Park Historical Legend
Starved Rock State Park is situated along the south bank of the Illinois River, less than 100 miles from Chicago. This beautiful park attracted over 2 million visitors last year to explore its scenic trails and canyons, dine in its historic Lodge and enjoy the panoramic views from tall bluffs which offer a unique contrast to the flatlands of Illinois. A hike to the top of a sandstone butte or a peaceful stroll to explore any of the 18 canyons gives each visitor a memorable experience. The backdrop for hiking is 18 canyons formed by glacial melt-water and stream erosion. They slice dramatically through tree-covered, sandstone bluffs for four miles at Starved Rock State Park.
As early as 8000 AD, Native American cultures lived and thrived here. From 1500 to 1700 AD, members of the Illiniwek tribe lived here. One of its sub-tribes, the Kaskaskias, populated the area, with as many as 7,000 along the bank of the river across from the current park. In 1673, Louis Joliet and Father Jacques Marquette (a French Jesuit Missionary) canoed up the river below what they called the great rock. The first Native Americans they encountered were the Illini, who were very friendly to the expedition and presented them with a peace pipe to use for the remainder of the journey. Marquette returned to the area in 1675 to establish Illinois’ first Christian Mission of the Immaculate Conception at the Indian village. In the winter of 1682-1683, the French constructed Fort St. Louis atop what is now known as Starved Rock.
But how did Starved Rock get its name? The park derives its name from a Native American legend. In the 1760s, Chief Pontiac of the Ottawa tribe were attending a tribal council meeting. At this council of the Illinois and the Pottawatomie, Kinebo, the head chief of the Illinois tribe stabbed Chief Pontiac. Vengeance arose in Pontiac’s followers – the Pottawatomie, the Miami and the Kickapoo. They vowed that no blood should course through the veins of the assassins or of their families. Meanwhile, in the early part of Indian summer in 1769, the Indians collected in an open square on the banks of the river to celebrate the marriage of the head chief’s daughter. They were surprised to see the great meadow in the back of the village covered with the enemy, the dreaded Pottawatomies. On came the enemy and so rapidly that almost instantly a large number of them had entered the town. Many of the Pottawatomies were killed before they retreated to Buffalo Rock, where they called a council of war. In this council it was agreed to renew the assault in the morning and never cease fighting until the Illini were no more. Meanwhile, the Illinois were celebrating their victory of the day’s battle. Having spent the night rejoicing, they were found asleep in the morning and were again attacked, sparing none. The assailants were met by the Illinois warriors and large numbers met their end before falling back for reinforcements.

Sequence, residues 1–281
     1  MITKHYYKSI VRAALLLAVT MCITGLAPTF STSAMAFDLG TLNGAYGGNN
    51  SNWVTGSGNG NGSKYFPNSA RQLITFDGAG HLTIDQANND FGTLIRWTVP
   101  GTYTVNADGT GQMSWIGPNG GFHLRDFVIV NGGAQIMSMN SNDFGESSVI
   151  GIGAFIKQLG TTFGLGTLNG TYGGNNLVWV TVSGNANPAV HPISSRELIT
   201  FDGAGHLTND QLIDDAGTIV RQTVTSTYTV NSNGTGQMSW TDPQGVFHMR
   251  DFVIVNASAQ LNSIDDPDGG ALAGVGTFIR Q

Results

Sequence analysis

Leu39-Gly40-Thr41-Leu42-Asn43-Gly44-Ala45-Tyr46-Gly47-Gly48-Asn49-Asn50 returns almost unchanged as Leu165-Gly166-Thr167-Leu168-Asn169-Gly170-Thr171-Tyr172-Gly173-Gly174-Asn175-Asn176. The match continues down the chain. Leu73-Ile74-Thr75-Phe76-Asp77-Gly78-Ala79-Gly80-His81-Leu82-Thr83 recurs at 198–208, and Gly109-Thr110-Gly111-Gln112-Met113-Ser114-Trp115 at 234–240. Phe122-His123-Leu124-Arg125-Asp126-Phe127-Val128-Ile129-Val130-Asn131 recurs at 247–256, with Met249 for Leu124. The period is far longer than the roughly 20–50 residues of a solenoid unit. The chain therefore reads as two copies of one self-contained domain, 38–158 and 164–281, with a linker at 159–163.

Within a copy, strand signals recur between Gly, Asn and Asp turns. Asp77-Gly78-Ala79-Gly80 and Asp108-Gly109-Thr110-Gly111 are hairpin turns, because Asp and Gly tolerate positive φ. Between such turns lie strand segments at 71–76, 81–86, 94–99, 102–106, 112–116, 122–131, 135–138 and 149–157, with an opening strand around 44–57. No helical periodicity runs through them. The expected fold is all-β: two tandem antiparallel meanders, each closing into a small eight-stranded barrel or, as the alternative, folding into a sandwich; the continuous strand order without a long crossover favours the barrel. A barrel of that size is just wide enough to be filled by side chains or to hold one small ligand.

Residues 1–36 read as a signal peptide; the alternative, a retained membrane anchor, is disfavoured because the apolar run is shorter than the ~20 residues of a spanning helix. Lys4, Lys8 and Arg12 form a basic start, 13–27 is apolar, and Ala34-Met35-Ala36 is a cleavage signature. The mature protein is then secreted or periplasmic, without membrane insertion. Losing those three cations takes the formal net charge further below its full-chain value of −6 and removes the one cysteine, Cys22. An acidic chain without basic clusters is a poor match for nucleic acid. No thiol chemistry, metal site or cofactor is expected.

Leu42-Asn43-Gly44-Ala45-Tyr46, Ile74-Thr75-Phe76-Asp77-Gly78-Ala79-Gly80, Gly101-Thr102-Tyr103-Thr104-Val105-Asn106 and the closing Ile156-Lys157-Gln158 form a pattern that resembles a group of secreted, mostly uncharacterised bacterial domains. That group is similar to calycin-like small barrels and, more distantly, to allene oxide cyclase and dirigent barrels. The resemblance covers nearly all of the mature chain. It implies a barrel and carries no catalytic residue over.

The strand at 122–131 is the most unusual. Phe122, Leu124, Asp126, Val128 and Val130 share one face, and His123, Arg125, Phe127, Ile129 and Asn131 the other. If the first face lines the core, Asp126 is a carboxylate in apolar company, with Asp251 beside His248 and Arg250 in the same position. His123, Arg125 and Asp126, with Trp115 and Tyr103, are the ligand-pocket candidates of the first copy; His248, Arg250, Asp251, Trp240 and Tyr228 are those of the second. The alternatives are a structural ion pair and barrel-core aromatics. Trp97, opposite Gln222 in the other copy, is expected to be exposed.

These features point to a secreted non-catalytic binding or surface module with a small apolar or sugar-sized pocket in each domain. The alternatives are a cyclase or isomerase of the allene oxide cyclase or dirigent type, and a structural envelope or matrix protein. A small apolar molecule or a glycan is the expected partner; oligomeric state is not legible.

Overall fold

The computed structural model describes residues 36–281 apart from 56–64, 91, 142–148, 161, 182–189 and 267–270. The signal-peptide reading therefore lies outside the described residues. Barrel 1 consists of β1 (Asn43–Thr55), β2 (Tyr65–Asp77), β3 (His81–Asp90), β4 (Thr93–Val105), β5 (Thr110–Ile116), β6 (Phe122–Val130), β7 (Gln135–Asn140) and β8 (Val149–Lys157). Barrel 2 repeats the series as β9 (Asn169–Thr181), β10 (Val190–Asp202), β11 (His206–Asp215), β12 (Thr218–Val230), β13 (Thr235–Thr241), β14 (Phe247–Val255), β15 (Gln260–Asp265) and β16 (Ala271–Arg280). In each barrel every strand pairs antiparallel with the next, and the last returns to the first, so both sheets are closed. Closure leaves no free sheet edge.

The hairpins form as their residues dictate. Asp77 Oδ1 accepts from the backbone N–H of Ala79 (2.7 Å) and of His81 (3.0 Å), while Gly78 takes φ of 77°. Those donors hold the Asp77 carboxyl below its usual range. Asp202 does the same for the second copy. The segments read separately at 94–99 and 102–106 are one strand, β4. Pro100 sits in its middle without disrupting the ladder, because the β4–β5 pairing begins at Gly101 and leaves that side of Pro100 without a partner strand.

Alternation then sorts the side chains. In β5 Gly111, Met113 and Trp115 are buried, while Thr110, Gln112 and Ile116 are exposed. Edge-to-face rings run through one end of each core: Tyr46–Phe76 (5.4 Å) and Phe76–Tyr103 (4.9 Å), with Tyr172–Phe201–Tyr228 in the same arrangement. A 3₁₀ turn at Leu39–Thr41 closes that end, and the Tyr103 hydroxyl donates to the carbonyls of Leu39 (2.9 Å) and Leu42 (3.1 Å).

For twelve long hours the battle raged on, a large portion of the Illinois warriors were slain along with the remaining villagers. The fighting continued into the night and well into a heavy rainstorm. The rain was so heavy it was hard to distinguish between enemy and foe. The fighting stopped until morning. But during the heavy storm and in the darkness of the night, the Illinois launched their canoes, crossed the river and ascended the 125 sandstone butte. Here, on this rock, were all that remained of the Illinois Indians, consisting of about twelve hundred, three hundred of them were warriors. On this rock they considered themselves safe from their enemy, singing songs of praise.
Morning came and the Pottawatomies soon discovered that their victims had fled. They burned the town, crossed the river and surrounded the great rock. The plan was to storm the great rock and defeat the Illinois, but all that tried were met by the brave Illini. When the Illini took refuge on the rock, they carried with them a large quantity of provisions, but after many days, this supply was not running thin and starvation was a great possibility. At first this rock was a haven of safety and now it was likely to be their tomb. Day after day passed and still the Illini continued to be guarded by their enemy, leaving them no escape. They tried to collect water from the river below, but as soon as the vessel was reached, the cord was cut. After many days, the remaining Illiniwek died of starvation giving this historic park its name – Starved Rock.